The other day, volunteer Rose Dorbin, 77, counted 135 plastic plates after they had been washed, then recorded the number on a calendar as required by Food Lifeline.

“People are hungry and I am a Christian and I believe this is what Christians do,” said Rogers, who has four children, eight grandchildren and nine great-grandchildren. “The more you give, the more blessings you get.”

Phillip Jones, 42, in a tattered, neon-orange vest and pants, asked me why I was there. I’m writing about these women for Mother’s Day, I told him.

“I might have a (greeting) card right now in my cart,” he said, then disappeared to the back of the room, where he had stowed his belongings. “Mother’s Day should be every day.”

Back in the kitchen, Young listened to what just happened and gave me a rueful smile.

“We have no illusions,” Young said. “We’ve seen it all. What I loved is the guy who took my hand, sincerely, to thank me, while trying to wriggle the ring off my finger.”

Rogers has never been scared. If an argument breaks out, it’s often enough for her to go out and scold people. Like a mother.

“There is something about being a little old lady,” she said. “There have been kerfuffles. But most of the people would fight for us.“

The Rev. Canon Britt Olson realizes that some neighbors are tired of the homeless gathering every weekday morning.

So when the campus was cleaned up last year and parishioners planted a “Giving Garden” of more than 20 raised beds of vegetables (they use them in the kitchen and donate to the Ballard Food Program), they were sure to plant flowers and herbs free to neighbors. There’s a weekly “St. Luke’s Kids” program, and the church hosts the Ballard Speaker Series and rents space to the Suzuki Institute to help cover costs.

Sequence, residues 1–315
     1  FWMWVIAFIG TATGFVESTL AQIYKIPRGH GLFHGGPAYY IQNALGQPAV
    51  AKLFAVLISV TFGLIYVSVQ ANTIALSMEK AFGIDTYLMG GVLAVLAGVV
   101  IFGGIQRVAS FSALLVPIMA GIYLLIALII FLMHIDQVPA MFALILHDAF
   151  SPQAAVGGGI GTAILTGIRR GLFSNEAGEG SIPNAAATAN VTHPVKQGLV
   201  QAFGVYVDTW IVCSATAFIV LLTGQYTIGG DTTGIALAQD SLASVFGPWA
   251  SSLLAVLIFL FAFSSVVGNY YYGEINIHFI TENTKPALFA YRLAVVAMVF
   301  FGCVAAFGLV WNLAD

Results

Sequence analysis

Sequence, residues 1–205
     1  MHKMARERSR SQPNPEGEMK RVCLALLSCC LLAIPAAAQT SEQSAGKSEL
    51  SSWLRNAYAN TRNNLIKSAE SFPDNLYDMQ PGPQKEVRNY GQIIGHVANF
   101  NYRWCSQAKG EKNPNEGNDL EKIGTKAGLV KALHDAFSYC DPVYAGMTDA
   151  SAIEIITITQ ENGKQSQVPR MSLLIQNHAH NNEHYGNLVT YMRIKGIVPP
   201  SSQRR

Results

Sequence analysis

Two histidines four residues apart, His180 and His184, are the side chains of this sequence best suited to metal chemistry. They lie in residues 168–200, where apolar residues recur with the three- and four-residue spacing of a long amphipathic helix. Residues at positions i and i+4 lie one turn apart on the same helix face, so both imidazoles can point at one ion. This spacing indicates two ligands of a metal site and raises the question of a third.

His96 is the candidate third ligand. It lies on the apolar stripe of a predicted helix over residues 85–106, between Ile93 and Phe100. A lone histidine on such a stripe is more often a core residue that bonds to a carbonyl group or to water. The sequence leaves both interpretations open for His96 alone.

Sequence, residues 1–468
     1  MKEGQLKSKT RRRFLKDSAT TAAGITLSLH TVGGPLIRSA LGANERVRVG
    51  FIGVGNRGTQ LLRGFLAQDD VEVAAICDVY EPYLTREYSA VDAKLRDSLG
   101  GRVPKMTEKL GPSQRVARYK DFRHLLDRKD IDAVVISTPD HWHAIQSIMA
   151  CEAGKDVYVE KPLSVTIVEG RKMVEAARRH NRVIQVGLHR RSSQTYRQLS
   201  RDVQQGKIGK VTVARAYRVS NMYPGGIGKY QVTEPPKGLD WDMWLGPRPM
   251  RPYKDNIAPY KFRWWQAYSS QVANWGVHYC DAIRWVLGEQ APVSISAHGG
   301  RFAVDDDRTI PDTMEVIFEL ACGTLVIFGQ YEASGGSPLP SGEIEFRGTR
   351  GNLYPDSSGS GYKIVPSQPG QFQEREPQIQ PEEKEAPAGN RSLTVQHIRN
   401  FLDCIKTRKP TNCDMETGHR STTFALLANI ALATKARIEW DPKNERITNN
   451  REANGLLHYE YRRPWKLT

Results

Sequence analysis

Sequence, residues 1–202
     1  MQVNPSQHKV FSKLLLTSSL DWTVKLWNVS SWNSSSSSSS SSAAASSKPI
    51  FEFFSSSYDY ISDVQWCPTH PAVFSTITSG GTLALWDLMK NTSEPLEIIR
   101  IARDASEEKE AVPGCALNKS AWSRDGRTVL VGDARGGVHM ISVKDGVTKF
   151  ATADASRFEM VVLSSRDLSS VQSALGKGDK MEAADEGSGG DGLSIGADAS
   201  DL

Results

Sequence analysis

Olson considers the feeding program “the heart and soul” of the church, and sees a connection between the tables downstairs and the one on the altar where communion is served: “I feel like I’m in touch with where God really is.”

Robert Loomis just left Seattle for North Carolina, where he is living with his half-sister, who found him on Facebook. But in 2013, he was living in his car — and hungry. Someone told him about the women serving breakfast at St. Luke’s.

“It was just like a mother’s unconditional love,” Loomis said on the phone the other day. “They ask you to check whatever problems you’re having at the door and just come in and have a meal.”

He started helping out, washing dishes, and ended up being part of the regular crew.

“I don’t know how they do it,” he said. “I would get fed up and tired, because I know the stories and what went on outside. And yet, the women would always say, ‘Hey, how are you?’ ”

He’s doing well in North Carolina. It’s beautiful and green and stable. But he misses the women of St. Luke’s. He misses his mothers.

“I’d come in and have these ladies to talk to,” he said, “and they would tell me I was loved and don’t give up.”

That is exactly what Rogers and her colleagues intended when they first turned on the stove all those years ago.

“I want them to feel like they had a good meal and that somebody would talk to them and look at them, and treat them like they have some value,” she said. “Maybe give them more courage to go out and fight the battle on the streets.”